Archive

Archive for the ‘iPad/iPod’ Category

Switch Access and the iPad – Get the Scoop from Jane Farrall

Jane Farrall knowledge on AAC, switch access and AT brings me to her blog often to glean her expertise on any of the those topics (and more…). Here is a recent post about switch access and the iPad that helped sift and winnow what the current options were for iOS.

How do I use a Switch with an iPad? – Jane Farrall’s Blog Post

Jane also has other recent posts on specific switch components that I recommend you peruse if you are interested in switch access for iPad on her blog.
Carol

Managing Your iDevice for the Young Learner – 101

Children love using the iPod or iPad and with a single touch can explore games and stories and lots of things, sometimes much more than you want them to! The iDevices ease of use can be a two edged sword with children/students easily getting to places you don’t want them to go.

I have heard repeatedly from fellow OT’s ” I wish I could hide the home button”. As a OT who frequently thinks about adapting things a number of things go through my mind, none which has come to fruition yet and chances are may not end up being esthetically pleasing. Good news, now there is something inexpensive and esthetically pleasing out there to help with hiding the home button and keeping the kids from escaping the app or activity you intend for them to complete.

BubCaps are home button covers for the iDevices that deter young fingers from pressing the home button. Available with different amounts of rigidity, BubCaps come in Regular, Ultra and Max depending on the age or strength of the user. Inexpensive, they come in 4-packs of a mixture or 4 of one kind for $5. BubCaps are available at their website (see link above) or through Amazon.com.

The making of BubCaps seems to come from experience (necessity is the mother of invention, right?). The company’s blog features a great overview of how to prepare your iDevice for toddlers. Check our their recommendations on protecting your iDevice on PaperClip Robot’s blog. It is worth it if you are new to using an iDevice and work with users with busy hands!

Another review of the BubCaps is on the great resources of I Education App Review .

Anyone else have any methods of protecting the home button or management tips for young users?

Happy Apping

Carol

Splashtop App and Splashtop Remote

Thanks to Suzanne Feit and the QIAT listserv, I was introduced to Splashtop app that can remote into your computer to operate Win based or Mac based software on your computer. Suzanne’s example of accessing software as Intellitools Classroom Suite sparked my interest in how this might work.

Splash App installs on your iPod Touch or iPad and makes connection to your computer when complimentary software is installed on your computer. Using WIFI you can connect from your iDevice to your computer to operate software installed on your computer as remote desktop access.

Although I have only used it on my iPod Touch (which due to size of the device is somewhat limiting to access), found it easy to install on my computer and iPod Touch and after turning off my firewall easily connected to my computer displaying my desktop. I was able to type into Word, open a Blio book to read and navigate on my computer remotely. The software has great supports in its set up to get you connect with your IP address and ports easily.

I am excited about the possibilities of using our bread and butter Windows software available on our desktop or laptop extended to the highly portable, accessible and “cool” (kids love cool, we love our special needs kids to be cool like all other kids!) iDevices for learning opportunities for our students.

Splashtop is available for iDevices and Android and supports WIN and MAC OS.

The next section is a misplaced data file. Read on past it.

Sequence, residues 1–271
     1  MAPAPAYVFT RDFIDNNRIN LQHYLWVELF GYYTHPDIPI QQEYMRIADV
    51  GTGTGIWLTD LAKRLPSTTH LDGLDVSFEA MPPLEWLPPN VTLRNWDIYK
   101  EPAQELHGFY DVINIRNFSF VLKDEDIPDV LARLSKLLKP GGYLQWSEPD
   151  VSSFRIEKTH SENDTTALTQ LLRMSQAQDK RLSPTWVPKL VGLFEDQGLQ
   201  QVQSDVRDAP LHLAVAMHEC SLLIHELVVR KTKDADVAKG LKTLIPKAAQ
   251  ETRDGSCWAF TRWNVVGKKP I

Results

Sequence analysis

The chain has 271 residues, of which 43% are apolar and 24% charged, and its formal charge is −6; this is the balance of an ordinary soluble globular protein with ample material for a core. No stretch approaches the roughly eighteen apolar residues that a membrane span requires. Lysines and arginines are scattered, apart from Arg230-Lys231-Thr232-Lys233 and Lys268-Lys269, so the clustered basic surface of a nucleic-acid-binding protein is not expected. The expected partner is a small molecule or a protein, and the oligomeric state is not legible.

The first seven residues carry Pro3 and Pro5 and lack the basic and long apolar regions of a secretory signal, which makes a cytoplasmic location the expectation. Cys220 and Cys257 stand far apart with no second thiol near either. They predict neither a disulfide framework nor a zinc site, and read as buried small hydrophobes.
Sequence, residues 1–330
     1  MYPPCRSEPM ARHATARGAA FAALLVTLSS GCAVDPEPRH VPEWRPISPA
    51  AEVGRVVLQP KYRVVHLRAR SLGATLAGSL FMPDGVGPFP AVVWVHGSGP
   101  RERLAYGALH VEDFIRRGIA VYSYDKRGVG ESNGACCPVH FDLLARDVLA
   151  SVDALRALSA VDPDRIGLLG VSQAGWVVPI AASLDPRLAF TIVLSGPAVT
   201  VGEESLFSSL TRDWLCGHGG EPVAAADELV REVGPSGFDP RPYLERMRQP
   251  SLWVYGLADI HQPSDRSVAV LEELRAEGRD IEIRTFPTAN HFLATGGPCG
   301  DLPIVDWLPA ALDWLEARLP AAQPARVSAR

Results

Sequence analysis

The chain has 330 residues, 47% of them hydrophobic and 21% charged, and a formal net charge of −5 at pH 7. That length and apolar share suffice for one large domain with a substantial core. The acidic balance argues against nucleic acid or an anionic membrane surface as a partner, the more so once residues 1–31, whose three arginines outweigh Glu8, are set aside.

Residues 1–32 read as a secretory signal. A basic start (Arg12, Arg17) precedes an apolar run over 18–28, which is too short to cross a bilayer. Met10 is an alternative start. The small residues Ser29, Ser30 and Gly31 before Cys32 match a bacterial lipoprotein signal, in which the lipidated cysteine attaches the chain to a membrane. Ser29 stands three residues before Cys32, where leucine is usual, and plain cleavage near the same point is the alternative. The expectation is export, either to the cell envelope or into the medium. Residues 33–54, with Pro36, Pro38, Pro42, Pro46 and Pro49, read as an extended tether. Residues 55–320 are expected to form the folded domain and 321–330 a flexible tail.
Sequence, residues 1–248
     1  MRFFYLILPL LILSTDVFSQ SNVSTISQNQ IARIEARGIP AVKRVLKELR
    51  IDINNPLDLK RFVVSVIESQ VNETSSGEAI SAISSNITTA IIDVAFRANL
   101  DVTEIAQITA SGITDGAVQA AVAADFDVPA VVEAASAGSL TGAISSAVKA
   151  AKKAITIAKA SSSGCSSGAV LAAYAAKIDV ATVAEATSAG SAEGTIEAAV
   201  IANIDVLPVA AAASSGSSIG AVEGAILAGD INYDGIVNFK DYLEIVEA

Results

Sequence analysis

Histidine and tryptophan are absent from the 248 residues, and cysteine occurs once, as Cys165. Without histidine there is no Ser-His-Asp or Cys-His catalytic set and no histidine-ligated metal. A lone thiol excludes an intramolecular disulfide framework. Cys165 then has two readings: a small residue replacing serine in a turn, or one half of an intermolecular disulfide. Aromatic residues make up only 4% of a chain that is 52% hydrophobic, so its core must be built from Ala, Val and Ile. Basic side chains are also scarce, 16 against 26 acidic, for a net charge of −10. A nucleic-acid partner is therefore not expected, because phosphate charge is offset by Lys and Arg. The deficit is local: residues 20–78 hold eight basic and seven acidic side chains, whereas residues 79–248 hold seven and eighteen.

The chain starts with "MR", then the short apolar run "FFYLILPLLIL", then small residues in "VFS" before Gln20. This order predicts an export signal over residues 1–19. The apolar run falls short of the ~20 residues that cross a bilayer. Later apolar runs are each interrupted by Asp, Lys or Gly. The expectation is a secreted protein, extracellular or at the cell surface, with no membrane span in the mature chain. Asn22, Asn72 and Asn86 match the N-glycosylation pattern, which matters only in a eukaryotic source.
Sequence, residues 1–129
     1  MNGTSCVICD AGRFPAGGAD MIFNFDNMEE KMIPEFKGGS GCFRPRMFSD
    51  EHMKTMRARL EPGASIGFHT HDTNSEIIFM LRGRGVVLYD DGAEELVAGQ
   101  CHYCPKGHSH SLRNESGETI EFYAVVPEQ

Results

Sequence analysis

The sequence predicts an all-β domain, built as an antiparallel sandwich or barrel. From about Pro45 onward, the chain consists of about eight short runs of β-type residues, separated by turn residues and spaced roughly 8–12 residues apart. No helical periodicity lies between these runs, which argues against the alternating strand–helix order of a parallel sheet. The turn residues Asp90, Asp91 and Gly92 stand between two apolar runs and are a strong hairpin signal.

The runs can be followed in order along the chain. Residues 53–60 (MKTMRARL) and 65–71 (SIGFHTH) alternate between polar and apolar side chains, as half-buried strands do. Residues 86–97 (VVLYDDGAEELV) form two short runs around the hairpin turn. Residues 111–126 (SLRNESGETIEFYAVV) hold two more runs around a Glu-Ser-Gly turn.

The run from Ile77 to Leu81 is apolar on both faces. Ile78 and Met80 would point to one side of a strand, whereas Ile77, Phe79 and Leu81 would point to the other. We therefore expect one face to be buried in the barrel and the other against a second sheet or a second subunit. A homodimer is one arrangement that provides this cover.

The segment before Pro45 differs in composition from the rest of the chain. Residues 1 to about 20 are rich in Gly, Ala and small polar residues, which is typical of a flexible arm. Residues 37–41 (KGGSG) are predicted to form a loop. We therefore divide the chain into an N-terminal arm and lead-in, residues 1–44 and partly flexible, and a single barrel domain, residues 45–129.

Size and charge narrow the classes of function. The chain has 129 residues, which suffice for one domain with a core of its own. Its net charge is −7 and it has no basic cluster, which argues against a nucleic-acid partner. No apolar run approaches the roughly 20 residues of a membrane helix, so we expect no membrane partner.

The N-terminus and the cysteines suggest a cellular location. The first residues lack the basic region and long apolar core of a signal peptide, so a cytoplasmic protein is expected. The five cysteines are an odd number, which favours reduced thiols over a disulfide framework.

Check out a video on You Tube about Splashtop with Classroom Suite: http://www.youtube.com/watch?v=GxHDgjrd3xo

Amazing! Have you tried it?

Carol

First Grade Math Apps for iPod/iPad

While considering possible accommodations for a first grader who struggles with writing math problems, I started exploring high and medium tech possibilities that would support the student in the classroom. Generating of problems using Intellitools Classroom Suite  (ICS) is a possibility using an on screen keyboard, customized tool bar is available however would require some creation time and require her to understand another computer program when working away from her desk at the student computers. Although this is a very feasible answer given the available software and support to a tech savy teacher however it also requires “different” at the computer and time to generate the templates using ICS.

Having been afflicted with case of iThing-itis, of course, I started researching apps that might be available on an iPod that would allow the student to remain at her desk to perform the same type of task using the touch input of a handheld device (…and can you hear the refrain of other first graders saying “why does she get to use that?”). Many students write answers with ease, however for some handwriting is a barrier in expressing what they know and masks what their real abilities are.  My search resulted in finding the following math apps, most customizable for the students needs and appropriate for learning math facts for first grade students:

Math Magic –  $.99 – Provides customizable simple math fact addition and subtraction. Objects to support use of visuals to assist students who are at the being stage of math computation. It has an easy to use interface and is appealing to young students.  For iPod/iPhone and iPad.

Kids Math Fun 1st Grade – $1.99 – This app provides addition and subtraction practice in a traditional format with timed practice, type of feedback to problems completed and scores. It provided a kid friendly user interface for easy access however there were no customization features for selecting addend maximums/minimums or sum for problems. The Kids Math Fun Kindergarten app provides practice for students beginning to learn their math facts. No  visual manipulatives are provided with the app. For iPod/iPhone and iPad.

 Math Smart – $.99 – 1st grade math app containing addition, subtraction practice and number sequencing tasks. Easy interface for early elementary school children. For iPod/iPhone and iPad.

Kid Calc–  $.99 – 7 in 1 app for kindergarten to first grade students including counting, number tracking, math puzzle, calculator and flash card challenged. The flash card challenge shown below allows customization of numbers used in flash card presentation. For iPod and iPad.

Math Tappers – Free – Early elementary school app that uses visuals to learn math addens of a sum.  For iPod.